16. Feb 15, 2015

### strangerep

Let's recall some classical mechanics: a system is not necessarily separable in any (phase space) coordinate system, but in many interesting cases we can find such a coordinate system, and things become nicer.
In the classical case, one starts with a Cartesian product of phase spaces, and the equations of motion define a solution subspace therein -- which may have fewer symmetries than the large ambient phase space. The ambient phase space is just a mathematical aid -- the physics lies in the solution subspace.

Similarly with the H-atom: the full tensor product of (rigged!) Hilbert spaces is a mathematical aid, a background framework. The physics is contained in the rather complicated subspace thereof which I described in post #2.

If we are dealing with a system which has $N$ (finite) degrees of freedom, then an $L^2(R^?)$ Hilbert space (where $? \ge N$) is probably a reasonable starting point. But if we can analyze the dynamical symmetries of the system we might be able to find a more precise lower bound on the necessary dimensions.

Another wrinkle on this whole issue is the difference in the energy spectra. The free case has only $E\ge 0$, but in the interacting case we can have negative energies (unless we shift by the ground energy -- but to find the latter we must solve the whole problem).

Last edited: Feb 15, 2015
17. Feb 16, 2015

### TrickyDicky

My point was that there is arbitrariness in whether one considers the "hydrogen atom" system as a composite particle in wich the subsystems electron and proton are by definition entangled and therefore the tensor product cannot be used and one has the Hilbert space of one particle, as opposed to the situation where one tries to describe the system as the tensor product of the two particles in R6, I don't think this last option is possible for the hydorgen atom or for a composite particle in general, precisely due to the entanglement, in this case it is the potential that doesn't allow the subparticles to be separable as you say, but that is just the particular cause of their entanglement.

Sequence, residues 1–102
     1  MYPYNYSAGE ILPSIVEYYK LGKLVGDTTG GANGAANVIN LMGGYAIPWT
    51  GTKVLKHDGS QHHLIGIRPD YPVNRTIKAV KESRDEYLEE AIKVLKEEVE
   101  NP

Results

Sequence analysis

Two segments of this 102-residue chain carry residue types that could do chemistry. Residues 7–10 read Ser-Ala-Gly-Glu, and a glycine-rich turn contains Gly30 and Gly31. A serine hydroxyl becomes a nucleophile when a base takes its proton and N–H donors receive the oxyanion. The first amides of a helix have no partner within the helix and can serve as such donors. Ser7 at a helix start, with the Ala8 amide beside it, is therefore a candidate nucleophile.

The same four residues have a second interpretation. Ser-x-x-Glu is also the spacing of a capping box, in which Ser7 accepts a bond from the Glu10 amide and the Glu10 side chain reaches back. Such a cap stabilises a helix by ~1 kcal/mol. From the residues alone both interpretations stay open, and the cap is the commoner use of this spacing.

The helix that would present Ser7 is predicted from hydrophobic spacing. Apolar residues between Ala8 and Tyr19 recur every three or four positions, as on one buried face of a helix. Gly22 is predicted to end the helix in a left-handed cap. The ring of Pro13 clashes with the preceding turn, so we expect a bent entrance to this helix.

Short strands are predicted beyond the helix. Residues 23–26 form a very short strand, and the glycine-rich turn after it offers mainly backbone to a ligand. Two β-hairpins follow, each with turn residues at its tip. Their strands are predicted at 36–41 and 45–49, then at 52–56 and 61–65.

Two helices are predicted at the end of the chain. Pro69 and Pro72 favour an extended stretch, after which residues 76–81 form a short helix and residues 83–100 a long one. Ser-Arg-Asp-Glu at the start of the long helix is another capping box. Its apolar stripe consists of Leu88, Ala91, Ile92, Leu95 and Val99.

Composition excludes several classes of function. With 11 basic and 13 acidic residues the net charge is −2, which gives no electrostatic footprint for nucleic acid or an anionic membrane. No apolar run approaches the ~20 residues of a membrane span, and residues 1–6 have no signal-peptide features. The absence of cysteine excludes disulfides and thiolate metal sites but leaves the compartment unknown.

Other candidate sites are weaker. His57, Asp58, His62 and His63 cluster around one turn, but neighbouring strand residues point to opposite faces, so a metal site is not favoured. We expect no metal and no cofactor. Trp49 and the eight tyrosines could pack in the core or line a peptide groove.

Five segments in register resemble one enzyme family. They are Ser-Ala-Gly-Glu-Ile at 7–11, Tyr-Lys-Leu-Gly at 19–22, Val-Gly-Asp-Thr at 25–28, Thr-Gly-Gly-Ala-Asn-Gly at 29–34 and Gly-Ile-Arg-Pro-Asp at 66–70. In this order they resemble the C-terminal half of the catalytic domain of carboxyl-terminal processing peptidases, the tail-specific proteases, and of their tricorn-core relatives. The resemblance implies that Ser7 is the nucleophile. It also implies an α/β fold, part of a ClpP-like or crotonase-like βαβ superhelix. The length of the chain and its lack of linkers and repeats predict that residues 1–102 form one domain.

This would answer in part why the tensor product axiom has this "absent treatment" for this kind of poblems. Simply put the tensor product postulate doesn't apply.
The tensor product postulate is usually referred to "composite quantum systems", so I guess it refers to many-particle systems that cannot themselves be considered as single particles in the sense hadrons, atoms, molecules like buckyballs.... are.
I can't think off-hand of an example of a system of distinct particles where one can apply properly the tensor product postulate. Can anyone give some example?
It also makes one wonder about the concept of quasiparticle-colective excitation in condensed matter physics.

Last edited: Feb 16, 2015
18. Feb 17, 2015

### ShayanJ

I'm a bit confused here. I always thought its really natural to use e.g. $L^2(\mathbb R^6,\vec{dr}_e \times \vec{dr}_p)$ and I didn't feel the need to get this from some axiom. You may say its because of the way textbooks are written and I'm not as expert as you guys to be free enough from textbooks to think about it myself, but I think I have a point here. If the statement A is an axiom for a theory, then it should cover every case that the theory is going to be applied to. Then maybe in some situations, we get a special case of A so things get apparently different. But here the statement